Pecs: Christmas Queer
Reviewed – 11th December 2020
“a momentary haven of queer togetherness in what has been a challenging and isolating cultural landscape for many people this year”
Pecs, the drag king collective, has been around on the queer circuit for seven years now. The boys are arguably the best-known kings in town, and have built up a loyal fan-base for their brand of sexy and subversive comedy cabaret performance. Queer cabaret has been hit particularly hard by the pandemic – relying as it does on intimate club spaces – and so it was a joy to be back in a room with groups of friends sharing tables surrounding a stage, and to enjoy some of the back and forth interaction between performer and audience that has been so sorely lacking for most of this year. The Pleasance has done a terrific job of retaining a lively atmosphere, whilst operating within COVID-safe guidelines; an effort enjoyed last night by performers and punters alike.
The kings themselves are fabulous. The evening is hosted by the inimitable John Travulva, giving us his best Santa, and is loosely structured around the need to save Christmas for the dejected Loose Willis. Loose gives voice to many of the frustrations the audience has felt this year, and thus Santa John’s restorative skills are much-needed medicine for us all. The evening is sexy and joyful. There is old-school crooning: Scott Free’s fantastic rendition of Rocking Around the Christmas Tree; striptease: a smouldering Victor Victorious and an anarchic Loose giving us two entirely different takes; an audience game of charades; stand-up; dance routines and even a Paul Hollywood impersonation thrown in for good measure. In true drag style, this was a Glaswegian doing an impression of a Scouser, but with a Brummie accent, as (self-confessedly) Scouse is the one accent not in their armoury. The ridiculousness was heaven. And Paul was perfect. Obvs.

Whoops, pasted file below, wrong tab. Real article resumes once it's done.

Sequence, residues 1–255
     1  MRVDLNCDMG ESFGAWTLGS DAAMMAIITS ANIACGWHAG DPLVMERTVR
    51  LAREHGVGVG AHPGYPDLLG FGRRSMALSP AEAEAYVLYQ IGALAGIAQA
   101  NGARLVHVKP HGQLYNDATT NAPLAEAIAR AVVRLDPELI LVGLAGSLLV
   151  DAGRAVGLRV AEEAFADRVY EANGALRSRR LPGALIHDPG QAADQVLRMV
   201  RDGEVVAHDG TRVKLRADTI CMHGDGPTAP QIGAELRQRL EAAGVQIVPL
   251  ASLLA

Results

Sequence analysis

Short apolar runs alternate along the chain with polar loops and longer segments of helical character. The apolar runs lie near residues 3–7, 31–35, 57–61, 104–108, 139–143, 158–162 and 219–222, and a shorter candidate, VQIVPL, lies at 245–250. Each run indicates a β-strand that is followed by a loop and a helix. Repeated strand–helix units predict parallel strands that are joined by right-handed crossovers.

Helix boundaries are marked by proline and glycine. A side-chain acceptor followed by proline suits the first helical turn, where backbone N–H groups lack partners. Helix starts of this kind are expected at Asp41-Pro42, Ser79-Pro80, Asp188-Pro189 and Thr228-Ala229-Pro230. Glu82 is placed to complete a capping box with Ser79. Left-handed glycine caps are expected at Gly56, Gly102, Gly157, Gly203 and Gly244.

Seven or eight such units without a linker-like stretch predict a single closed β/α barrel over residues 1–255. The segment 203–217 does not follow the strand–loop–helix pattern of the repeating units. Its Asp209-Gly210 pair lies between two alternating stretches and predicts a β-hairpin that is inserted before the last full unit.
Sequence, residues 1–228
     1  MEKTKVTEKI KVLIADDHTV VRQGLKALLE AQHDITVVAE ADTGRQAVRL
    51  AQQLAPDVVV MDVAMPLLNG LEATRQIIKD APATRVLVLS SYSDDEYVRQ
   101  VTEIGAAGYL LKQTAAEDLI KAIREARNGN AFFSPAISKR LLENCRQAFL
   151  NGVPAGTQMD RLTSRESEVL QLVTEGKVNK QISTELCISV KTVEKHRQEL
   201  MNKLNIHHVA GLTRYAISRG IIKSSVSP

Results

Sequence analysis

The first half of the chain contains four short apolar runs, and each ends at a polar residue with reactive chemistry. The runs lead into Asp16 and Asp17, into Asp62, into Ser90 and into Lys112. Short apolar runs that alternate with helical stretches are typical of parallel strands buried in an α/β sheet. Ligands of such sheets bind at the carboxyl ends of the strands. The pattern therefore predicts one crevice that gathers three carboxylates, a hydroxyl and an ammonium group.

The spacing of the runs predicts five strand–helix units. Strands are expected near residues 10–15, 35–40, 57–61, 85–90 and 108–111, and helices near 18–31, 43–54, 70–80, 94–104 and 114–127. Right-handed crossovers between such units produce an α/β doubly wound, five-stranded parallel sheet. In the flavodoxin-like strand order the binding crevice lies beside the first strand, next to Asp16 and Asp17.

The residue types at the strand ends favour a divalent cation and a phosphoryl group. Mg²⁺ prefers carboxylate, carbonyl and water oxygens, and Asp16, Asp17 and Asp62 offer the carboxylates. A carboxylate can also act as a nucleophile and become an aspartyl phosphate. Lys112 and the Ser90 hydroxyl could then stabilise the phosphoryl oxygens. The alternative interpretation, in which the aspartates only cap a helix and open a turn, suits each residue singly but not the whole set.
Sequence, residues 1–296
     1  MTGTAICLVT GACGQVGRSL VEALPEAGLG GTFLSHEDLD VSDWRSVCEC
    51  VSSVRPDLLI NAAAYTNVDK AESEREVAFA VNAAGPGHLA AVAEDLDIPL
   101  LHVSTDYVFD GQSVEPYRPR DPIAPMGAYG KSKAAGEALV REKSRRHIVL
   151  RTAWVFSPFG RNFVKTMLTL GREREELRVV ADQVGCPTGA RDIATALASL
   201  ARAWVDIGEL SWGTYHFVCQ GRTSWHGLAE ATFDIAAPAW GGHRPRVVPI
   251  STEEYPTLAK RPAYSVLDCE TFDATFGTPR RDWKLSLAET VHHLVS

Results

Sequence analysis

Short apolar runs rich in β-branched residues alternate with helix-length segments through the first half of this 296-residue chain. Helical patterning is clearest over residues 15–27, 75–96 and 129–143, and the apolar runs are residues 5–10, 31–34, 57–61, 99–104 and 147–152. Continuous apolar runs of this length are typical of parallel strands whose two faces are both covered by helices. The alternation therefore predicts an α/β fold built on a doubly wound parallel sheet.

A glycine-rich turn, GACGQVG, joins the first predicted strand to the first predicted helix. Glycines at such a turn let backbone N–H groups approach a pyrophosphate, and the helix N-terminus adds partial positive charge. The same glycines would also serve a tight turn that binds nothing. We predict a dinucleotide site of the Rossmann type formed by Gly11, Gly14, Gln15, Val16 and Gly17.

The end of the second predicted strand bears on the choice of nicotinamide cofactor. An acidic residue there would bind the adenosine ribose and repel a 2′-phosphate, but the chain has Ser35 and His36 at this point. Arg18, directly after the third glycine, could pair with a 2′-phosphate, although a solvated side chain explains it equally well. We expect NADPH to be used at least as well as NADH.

For all its light-hearted festive razzle dazzle, Christmas Queer did also have the feeling of something essential. Pecs at The Pleasance was a momentary haven of queer togetherness in what has been a challenging and isolating cultural landscape for many people this year. When the lighters and the phones came out for the final number – East 17’s Stay Another Day – there was a feeling of genuine love underneath the silliness. And what could be more Christmassy than that?
Reviewed by Rebecca Crankshaw
Photography by Stephen Allwright
Pecs: Christmas Queer
Pleasance Theatre until 12th December part of Queer Christmas Cabaret running until 22nd December
Previously reviewed at this venue: